You talk about this thin blue line, this blue wall of silence, that exists in your workplace. You know crazy reporters. You know people who push the issue, they lie. You know what other reporters would say? They would say, "That isn’t my business."

Journalists will cannibalize another journalist if they fail the standards, and we'll do it publicly.

And police will, too, that's what I'm equating it to. We go to court on our reports. We have people who check them and see what they did. We have people who go to jail for lying on false reports, making a false report. We've got checks and balances, and that's what happens.

It's like what the president said [during the memorial for the Dallas police officers], we need to acknowledge. We act like some of the neighborhoods that police go in don't have trouble. They've got plenty of trouble, and then you put us in the neighborhoods and say, “You go straighten this trouble out, but you better do it right. I don't want you making no mistakes. Leave me alone, by the way, because you should know me, you should read my mind, you should know I'm just working, getting my groceries and going home. I'm not a criminal.” That's unrealistic, and that's what the president was saying yesterday as a black man in the highest office in the world. He said, "We need to understand this."

This is what I'm talking about, why we need a national conversation.

There's this sense that some of the corrosive politics happening over the last eight to ten years has been playing a role in some of the overall racial animus that's out here in the communities. Some people have said to me that certain white folks want police services for themselves, and police states for black folks. Is that something that's part of this discussion too, about the differences in how whites and blacks view the police and the role of police?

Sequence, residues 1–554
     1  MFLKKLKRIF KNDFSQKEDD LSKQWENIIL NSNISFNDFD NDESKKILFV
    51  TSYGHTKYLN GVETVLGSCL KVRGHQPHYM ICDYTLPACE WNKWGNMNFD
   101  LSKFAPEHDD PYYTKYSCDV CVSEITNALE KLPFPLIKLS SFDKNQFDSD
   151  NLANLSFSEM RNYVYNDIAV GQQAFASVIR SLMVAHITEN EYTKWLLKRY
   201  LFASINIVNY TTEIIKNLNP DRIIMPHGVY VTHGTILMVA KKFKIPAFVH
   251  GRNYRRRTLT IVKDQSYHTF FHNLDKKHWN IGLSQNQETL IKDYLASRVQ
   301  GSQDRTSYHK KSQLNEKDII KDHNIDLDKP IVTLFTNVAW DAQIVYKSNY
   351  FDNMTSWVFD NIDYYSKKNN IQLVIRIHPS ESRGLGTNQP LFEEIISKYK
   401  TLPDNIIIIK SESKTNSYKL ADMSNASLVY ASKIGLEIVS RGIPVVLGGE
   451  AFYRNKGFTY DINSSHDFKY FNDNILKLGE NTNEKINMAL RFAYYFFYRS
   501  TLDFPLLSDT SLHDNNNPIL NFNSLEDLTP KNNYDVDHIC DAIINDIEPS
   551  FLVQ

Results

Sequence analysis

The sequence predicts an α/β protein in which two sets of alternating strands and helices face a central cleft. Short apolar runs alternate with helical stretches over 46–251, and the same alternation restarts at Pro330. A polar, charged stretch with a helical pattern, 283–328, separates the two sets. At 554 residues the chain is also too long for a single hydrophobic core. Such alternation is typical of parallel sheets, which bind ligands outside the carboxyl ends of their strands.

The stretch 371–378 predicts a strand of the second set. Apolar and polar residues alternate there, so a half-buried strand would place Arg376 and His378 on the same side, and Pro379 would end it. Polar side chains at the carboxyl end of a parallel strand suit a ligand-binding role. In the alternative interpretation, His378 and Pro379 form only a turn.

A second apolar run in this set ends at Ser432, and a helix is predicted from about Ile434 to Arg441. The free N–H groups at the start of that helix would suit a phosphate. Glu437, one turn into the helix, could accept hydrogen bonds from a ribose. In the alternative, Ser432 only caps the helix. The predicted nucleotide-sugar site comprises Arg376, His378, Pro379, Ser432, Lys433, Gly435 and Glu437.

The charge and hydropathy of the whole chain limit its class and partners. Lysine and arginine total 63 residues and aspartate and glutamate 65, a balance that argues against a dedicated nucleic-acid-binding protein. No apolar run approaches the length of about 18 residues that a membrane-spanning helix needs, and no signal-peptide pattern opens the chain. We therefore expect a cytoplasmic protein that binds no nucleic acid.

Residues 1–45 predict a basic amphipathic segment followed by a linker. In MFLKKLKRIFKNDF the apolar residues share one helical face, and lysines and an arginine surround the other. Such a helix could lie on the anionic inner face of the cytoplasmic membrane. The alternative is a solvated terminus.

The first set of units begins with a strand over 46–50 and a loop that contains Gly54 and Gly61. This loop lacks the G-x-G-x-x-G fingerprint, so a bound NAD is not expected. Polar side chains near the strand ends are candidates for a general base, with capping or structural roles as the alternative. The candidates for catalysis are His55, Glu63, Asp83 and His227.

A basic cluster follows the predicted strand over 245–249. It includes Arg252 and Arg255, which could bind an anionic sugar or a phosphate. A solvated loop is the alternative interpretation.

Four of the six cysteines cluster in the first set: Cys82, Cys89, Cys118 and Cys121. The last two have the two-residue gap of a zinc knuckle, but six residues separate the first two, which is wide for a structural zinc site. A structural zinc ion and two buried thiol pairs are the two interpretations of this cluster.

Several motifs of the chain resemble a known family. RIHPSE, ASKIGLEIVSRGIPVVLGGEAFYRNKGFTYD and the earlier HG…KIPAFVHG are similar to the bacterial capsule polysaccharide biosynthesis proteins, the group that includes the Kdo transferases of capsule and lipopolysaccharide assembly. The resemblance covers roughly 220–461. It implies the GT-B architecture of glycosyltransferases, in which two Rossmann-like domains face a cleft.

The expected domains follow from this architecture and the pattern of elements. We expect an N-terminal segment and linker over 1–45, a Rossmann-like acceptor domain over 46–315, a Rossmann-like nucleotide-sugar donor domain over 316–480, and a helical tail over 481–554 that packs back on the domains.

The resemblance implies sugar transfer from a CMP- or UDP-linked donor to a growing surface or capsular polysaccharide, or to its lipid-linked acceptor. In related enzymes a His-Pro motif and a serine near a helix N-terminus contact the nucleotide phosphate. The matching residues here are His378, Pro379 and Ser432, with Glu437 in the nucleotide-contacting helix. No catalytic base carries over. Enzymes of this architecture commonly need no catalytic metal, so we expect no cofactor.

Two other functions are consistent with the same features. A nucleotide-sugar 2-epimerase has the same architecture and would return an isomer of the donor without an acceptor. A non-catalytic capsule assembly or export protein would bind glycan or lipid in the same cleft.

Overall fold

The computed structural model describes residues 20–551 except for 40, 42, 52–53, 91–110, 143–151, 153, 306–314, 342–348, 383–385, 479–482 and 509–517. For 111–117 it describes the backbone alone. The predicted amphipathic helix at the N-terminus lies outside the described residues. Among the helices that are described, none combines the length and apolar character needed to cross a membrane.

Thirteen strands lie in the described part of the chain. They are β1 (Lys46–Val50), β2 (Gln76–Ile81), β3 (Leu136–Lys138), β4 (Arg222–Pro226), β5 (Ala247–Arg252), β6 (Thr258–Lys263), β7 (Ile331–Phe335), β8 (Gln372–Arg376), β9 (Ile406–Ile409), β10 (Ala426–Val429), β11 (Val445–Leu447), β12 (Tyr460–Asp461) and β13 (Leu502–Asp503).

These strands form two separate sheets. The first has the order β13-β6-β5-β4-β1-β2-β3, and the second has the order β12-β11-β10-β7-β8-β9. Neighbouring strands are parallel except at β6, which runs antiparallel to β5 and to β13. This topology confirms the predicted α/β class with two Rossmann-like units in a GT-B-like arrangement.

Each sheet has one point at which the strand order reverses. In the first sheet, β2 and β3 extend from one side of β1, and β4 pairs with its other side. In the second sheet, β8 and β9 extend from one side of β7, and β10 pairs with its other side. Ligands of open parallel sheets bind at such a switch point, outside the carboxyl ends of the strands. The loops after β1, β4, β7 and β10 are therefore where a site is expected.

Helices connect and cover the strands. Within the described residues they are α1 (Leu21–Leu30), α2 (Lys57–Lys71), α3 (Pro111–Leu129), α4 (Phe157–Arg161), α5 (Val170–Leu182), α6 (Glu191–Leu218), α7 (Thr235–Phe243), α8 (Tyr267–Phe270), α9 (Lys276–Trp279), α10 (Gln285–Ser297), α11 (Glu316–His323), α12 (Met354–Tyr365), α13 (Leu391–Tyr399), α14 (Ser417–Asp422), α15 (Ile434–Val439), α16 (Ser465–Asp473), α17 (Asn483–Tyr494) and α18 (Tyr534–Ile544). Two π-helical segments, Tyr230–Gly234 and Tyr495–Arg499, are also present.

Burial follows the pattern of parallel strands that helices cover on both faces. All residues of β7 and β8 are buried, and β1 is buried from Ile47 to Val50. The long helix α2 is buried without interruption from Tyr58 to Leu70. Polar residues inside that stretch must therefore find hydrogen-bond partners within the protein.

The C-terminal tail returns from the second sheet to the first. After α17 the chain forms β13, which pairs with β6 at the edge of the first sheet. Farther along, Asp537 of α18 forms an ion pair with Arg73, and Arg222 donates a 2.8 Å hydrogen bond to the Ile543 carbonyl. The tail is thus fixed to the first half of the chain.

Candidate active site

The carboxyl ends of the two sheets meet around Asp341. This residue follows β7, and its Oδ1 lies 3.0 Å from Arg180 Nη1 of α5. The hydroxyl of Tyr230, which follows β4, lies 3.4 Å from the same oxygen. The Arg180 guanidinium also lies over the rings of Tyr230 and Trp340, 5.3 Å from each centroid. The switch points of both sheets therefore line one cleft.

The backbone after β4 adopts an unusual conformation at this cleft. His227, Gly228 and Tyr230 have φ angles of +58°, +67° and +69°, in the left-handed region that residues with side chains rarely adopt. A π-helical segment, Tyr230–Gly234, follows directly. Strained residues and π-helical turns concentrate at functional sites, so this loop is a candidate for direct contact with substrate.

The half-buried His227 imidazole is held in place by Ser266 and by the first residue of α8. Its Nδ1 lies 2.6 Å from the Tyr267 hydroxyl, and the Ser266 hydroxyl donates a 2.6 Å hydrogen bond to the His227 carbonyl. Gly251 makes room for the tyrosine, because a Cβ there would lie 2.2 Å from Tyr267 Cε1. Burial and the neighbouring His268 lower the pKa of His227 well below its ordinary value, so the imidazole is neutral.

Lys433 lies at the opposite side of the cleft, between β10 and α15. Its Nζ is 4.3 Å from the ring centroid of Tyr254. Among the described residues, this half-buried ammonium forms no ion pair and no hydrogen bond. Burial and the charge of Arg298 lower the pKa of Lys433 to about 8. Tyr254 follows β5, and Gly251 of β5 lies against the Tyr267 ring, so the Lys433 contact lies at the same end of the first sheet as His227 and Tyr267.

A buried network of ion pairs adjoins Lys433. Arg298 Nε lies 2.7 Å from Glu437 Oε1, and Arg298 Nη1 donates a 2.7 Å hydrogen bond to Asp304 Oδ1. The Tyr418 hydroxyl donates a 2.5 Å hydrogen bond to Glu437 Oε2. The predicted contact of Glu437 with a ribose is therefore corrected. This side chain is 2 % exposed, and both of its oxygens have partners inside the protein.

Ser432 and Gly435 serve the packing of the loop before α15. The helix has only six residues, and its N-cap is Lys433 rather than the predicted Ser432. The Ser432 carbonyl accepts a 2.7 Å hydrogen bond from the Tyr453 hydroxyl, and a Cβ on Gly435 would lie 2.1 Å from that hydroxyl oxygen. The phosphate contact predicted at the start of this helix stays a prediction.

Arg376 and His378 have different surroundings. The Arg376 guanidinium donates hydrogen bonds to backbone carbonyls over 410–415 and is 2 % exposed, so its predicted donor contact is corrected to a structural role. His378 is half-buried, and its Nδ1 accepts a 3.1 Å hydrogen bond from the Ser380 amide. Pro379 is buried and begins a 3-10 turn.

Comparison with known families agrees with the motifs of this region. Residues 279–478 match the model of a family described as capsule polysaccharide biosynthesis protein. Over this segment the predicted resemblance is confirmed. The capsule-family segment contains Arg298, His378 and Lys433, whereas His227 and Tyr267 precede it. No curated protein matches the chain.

I'm going to still revert back to what I said. Why does that happen? Let's go back 50, 60, 100 years when blacks were corralled into certain neighborhoods and made to stay there. Desegregation didn't stop the neighborhoods that we have. When you travel from one end of the road to the other, you see a difference in housing, and culture, and development.

If that's a police state, yeah, it happened a long time ago. You know who else says that that's okay? We do. We rarely do any work in [the black community]. Only a few soldiers rise to the occasion to try to stop the things that are happening. We think selling drugs or being the next best rapper is going to propel us into a new future.

We need to expose our dirty laundry, because we've got some dirty laundry, too, that we need to air.

Some folks have suggested that one of the possible solutions that could shrink these shootings, or misconduct, or wrongful outcomes is if people require police departments and police unions to self-insure. The cities often have insurance and they pay settlements out of the insurance, but there are scholars who are saying that you could actually make police departments or police officers themselves self-insure. If they end up having a lot of bad shootings or unjustifiable shootings, that they would pay themselves and not the taxpayer. Do you think that would be viable?

No, I don't even think it's accomplishable. I don't know how you impose a law like that. It's unrealistic. Police departments are responsible for their people, and either they fire them and they suffer whatever is coming from them, or they back them and they suffer whatever's coming from them. That's it. You can't force people to have insurance like that.

They could. There are other professions that require bonds.